Stories

USCIS Welcomes 50 New Citizens

May 12, 2017

By Andrea Lopez-Villafaña

The American flag was projected onto the walls of the Gompers Preparatory Academy auditorium and seated in the front rows were individuals anxious to receive what many consider is the beginning of the American Dream.

United States Customs and Immigration Services held a naturalization ceremony May 10 at the school to welcome 50 new U.S. citizens from 32 different countries.

Brad Flis, a teacher at Southwestern College, was one of those individuals sitting in the front row.

He said his naturalization process was a “long-lived journey” that lasted a total of 10 years to become a U.S. citizen.

Flis, 37, is originally from Toronto, Canada and has been living in the U.S. since 1998.

“I was following in the steps of my parents who moved here for work and I continued my education here and overtime it became a home for me,” Flis said. “Now having spent about half my life in the U.S. it feels like home.”

Candidates for naturalization took their oath of allegiance and were handed their certificate of naturalization at the end of the ceremony.

District Director of USCIS District 24 Alanna Ow spoke during the event and congratulated the candidates on becoming citizens.

“Your lives and the lives of your families will forever be changed in taking this important step to become a U.S. citizen, many doors and opportunities will open for you, which will allow your dreams to come true,” Ow said.
Meb Keflezighi, a 2004 Olympic silver medalist long distance runner, was awarded the “Outstanding American by Choice” award.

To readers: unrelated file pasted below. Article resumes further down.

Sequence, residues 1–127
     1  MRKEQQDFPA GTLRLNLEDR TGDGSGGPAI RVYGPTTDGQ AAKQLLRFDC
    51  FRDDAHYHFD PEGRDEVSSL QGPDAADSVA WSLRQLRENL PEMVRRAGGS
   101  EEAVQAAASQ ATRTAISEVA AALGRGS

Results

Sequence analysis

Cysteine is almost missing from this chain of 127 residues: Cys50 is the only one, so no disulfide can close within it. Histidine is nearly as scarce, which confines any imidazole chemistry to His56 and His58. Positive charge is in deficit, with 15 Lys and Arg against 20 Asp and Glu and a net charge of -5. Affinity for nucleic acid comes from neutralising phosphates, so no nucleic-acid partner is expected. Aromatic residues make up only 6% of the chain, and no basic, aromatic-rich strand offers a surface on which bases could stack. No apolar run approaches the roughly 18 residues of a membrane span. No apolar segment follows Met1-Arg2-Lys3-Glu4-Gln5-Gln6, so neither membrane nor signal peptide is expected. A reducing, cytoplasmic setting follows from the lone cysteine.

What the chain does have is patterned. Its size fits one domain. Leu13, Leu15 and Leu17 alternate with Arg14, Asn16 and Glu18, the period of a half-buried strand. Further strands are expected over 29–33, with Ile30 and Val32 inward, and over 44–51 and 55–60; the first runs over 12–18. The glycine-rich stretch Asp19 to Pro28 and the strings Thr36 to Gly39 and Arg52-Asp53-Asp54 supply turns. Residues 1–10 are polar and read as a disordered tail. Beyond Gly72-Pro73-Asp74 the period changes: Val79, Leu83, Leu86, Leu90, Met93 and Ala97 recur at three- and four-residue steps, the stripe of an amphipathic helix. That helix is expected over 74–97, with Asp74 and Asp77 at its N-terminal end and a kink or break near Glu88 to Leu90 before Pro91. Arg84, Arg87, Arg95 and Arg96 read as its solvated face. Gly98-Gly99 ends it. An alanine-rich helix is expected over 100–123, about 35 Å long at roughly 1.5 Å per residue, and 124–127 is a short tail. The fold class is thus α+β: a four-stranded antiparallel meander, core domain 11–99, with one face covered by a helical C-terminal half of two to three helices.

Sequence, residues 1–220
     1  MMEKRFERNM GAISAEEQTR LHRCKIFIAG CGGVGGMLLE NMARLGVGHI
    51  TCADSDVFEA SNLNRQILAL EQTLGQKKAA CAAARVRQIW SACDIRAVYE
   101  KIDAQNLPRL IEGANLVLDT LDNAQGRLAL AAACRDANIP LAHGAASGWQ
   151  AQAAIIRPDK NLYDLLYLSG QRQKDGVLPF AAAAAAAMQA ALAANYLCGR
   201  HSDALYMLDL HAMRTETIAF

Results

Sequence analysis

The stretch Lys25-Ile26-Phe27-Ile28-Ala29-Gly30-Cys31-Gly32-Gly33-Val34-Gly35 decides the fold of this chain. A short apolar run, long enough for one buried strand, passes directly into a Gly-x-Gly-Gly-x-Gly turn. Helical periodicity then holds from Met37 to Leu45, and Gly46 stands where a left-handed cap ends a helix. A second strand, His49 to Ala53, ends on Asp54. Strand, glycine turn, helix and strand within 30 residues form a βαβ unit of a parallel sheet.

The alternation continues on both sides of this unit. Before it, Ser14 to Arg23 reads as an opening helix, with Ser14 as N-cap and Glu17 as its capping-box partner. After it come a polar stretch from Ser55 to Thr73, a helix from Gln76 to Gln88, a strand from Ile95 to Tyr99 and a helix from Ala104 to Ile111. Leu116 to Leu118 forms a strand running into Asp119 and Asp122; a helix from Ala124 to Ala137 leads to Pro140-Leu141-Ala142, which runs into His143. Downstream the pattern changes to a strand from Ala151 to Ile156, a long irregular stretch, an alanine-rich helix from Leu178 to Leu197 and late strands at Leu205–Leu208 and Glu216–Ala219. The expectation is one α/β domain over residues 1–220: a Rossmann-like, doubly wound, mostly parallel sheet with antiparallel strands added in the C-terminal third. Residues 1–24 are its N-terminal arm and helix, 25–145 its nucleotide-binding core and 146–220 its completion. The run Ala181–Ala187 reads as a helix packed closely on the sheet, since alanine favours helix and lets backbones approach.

The Eritrean-born American shared his story with the audience and how his family’s hard work helped him arrive to the U.S.

Daniel Renaud, Associate Director of Field of Operations Directorate for USCIS, said less than 150 “Outstanding American by Choice” awards have been given out by the agency.

“When you have a vision and a goal for yourself, never give up on that dream,” Keflezighi said.

Former Superintendent of Public Education in San Diego Alan Bersin said new citizens teach other citizens what it means to be a part of the U.S. and shared that his grandmother was an immigrant who became a citizen in 1942.

“What this country represents and that you reaffirm and embody today is this commitment to equal justice under law,” Bersin said. “As you’ve already learned from your studying of American history we are not perfect, we are far from perfect, we are determined as a society to form a more perfect union which is a journey that’s continuous and never stops.”

For Leila Waddell, originally from Brazil, the process to becoming a citizen took her six months.

She met her husband online while playing World of Warcraft and after a year of being friends they met in person while she was on vacation in the U.S.
“It’s an important ceremony that solidifies everything we’ve been doing and what this process represents and what you’ll be able to do and become after this day,” Waddell said.

The Jersey Boys made a surprise appearance at the event and sang the national anthem. They joined the audience in welcoming the new citizens as members of the audience before going back on stage and singing “I Wonder Why” by Dion and The Belmonts.

Members of the school and Anthem Lights also performed during the event.

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